A number of years ago during my years as an editor and weekly columnist for a newspaper that has since banned my opinions, I wrote a column with the heading: “Direct Routes Aren’t Always the Most Effective Ways to Travel.” You see, the “number of years” from the date of that commentary is approaching 28, and I was, at the time, past the midpoint of a career in print journalism that started almost 22 years before. Despite the headline on the column, it had little to do with traveling and much more to do with getting to the point— a destination I am attempting to reach at this very junction in your dwindling attention span.
It was about how we communicate, and in 1994 we were barely into the technology so pervasive today, including emailing, texting, messaging and tweeting. And yet human nature has not changed all that much— or so I desperately want to believe— and I hope it still invokes some truths and humor inherent in being who we are. I chose the following observations from a box full of yellowing news clippings that remind me that I too am fading and crinkling up at the corners. There is so much negative to write about these days and maybe we all could use a blast from the past to remind us how much alike we are regardless of our politics, religion and other sources of divisiveness that make social media sometimes seem like gang warfare.
I will proceed to get to the point starting in the very next paragraph with a reprint of that column. Assume the rest is in quotations, with a few added notes in italic as reminders that things were different in 1994.
How do you communicate things you want others to do? On the job, do you order people around, make suggestions or offer indifferent rhetoric geared to spur others into action?
Most people feel uncomfortable giving orders, even to so-called subordinates who expect to be told what to do. There is the boss who tells his secretary: “Miss Typo, I need this letter typed and faxed within the hour. After you’ve seen to that, report to my office for dictation!”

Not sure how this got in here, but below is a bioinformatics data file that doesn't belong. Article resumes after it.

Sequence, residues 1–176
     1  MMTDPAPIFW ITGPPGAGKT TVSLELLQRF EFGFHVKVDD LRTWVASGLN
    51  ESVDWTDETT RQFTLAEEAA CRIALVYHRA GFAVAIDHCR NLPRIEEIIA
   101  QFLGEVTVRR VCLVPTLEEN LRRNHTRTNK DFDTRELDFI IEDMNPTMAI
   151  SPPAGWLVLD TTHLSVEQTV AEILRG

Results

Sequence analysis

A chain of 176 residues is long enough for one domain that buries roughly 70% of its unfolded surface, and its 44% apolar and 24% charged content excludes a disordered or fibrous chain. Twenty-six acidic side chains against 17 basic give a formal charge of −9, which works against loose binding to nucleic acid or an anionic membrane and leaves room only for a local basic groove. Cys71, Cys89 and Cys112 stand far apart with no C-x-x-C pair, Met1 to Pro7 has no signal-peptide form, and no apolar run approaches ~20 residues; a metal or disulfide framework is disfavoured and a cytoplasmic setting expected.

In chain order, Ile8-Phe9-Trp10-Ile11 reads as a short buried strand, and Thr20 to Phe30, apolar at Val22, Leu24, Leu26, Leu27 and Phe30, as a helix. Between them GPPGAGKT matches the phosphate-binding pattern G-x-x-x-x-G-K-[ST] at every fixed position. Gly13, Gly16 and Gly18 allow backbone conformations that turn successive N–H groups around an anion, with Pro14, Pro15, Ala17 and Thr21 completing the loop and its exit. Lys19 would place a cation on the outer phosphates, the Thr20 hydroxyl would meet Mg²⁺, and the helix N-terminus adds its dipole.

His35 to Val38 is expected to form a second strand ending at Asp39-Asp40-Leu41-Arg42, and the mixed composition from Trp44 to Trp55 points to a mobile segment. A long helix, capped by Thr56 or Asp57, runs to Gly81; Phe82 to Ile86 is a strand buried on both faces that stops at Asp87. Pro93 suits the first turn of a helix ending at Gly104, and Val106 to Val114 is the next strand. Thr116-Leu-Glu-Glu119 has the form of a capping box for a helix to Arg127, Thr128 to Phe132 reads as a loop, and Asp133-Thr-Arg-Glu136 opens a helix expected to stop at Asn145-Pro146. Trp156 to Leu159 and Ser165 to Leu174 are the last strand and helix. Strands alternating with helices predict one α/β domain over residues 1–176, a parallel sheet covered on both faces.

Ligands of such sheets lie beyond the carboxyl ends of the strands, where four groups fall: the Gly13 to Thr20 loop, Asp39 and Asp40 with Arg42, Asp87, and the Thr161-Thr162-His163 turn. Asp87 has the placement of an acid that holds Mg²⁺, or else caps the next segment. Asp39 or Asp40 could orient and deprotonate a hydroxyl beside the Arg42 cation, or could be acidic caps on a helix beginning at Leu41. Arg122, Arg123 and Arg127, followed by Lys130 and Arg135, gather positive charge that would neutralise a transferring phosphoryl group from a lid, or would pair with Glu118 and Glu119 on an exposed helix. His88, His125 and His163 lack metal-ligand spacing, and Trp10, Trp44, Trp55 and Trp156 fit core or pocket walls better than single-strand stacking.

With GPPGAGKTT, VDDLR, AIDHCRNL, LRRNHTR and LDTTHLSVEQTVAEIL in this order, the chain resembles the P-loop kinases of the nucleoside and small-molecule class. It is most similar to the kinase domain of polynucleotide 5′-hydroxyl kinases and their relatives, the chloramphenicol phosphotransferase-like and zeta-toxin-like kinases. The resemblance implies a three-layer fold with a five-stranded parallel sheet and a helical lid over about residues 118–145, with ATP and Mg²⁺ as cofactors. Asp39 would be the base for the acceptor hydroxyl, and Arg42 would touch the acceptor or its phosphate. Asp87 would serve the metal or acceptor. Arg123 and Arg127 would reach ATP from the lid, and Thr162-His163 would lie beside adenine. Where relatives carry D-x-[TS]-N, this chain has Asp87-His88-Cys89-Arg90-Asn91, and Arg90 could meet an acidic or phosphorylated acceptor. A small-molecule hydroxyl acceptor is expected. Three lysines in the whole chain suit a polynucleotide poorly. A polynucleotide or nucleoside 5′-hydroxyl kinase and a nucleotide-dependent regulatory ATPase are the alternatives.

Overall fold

That’s about as direct as you can get. However, most bosses would tend to be more indirect: “Oh, Miss Typo, if you get a chance, it would be great if you could get this letter typed and faxed as soon as possible. We’re down to the wire on this— and I apologize for that— and if anyone can get this done within an hour, I know it’s you. Oh, and I’ve got some thoughts I’d like to get down on an interoffice memo. After you’ve taken care of that other business, could you pop back in and help me out with that?”
Being indirect doesn’t mean you expect less of your subordinates and coworkers. In both cases, the boss has made the point that he needs something done and he needs it done rather promptly. Being indirect doesn’t mean you’re wishy-washy or uncertain. It is often used to improve the working environment and make employees feel that their efforts are appreciated. Management people often find that being indirect is more effective than barking out instructions as if giving voice commands to an automaton. Note: This was long before we made the acquaintance of Siri and Alexis. It tells them that you know they can make progressive, logical assumptions and makes them feel as if they are playing a part in the process.
This matter of being direct with others was the topic of a recent essay in a Sunday newspaper supplement, and it got me to thinking about how we try to get each other to do things.
It seems that my wife occasionally makes this statement: “I don’t know what we’re going to have for dinner. I really haven’t had much time to think about it.”
This, of course, is another way of saying: “You decide what we’re going to do for dinner tonight, and if you want to prepare it or take me out for a bite, I wouldn’t object.” Note: My wife makes such statements much more occasionally these days.